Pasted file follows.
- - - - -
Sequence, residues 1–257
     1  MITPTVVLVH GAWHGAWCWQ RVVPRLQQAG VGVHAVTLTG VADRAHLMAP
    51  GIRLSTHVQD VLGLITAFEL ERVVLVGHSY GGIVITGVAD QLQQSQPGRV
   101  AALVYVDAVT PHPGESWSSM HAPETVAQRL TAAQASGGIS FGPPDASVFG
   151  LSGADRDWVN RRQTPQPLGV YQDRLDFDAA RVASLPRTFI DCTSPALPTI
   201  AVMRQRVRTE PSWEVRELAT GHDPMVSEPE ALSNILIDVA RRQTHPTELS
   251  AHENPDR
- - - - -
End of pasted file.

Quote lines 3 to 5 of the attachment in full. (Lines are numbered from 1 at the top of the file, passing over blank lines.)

    51  GIRLSTHVQD VLGLITAFEL ERVVLVGHSY GGIVITGVAD QLQQSQPGRV
   101  AALVYVDAVT PHPGESWSSM HAPETVAQRL TAAQASGGIS FGPPDASVFG
   151  LSGADRDWVN RRQTPQPLGV YQDRLDFDAA RVASLPRTFI DCTSPALPTI